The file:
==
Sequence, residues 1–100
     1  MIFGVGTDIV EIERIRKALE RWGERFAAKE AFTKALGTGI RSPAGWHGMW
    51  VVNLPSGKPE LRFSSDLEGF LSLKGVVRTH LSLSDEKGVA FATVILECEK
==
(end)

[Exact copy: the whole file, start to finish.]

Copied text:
Sequence, residues 1–100
     1  MIFGVGTDIV EIERIRKALE RWGERFAAKE AFTKALGTGI RSPAGWHGMW
    51  VVNLPSGKPE LRFSSDLEGF LSLKGVVRTH LSLSDEKGVA FATVILECEK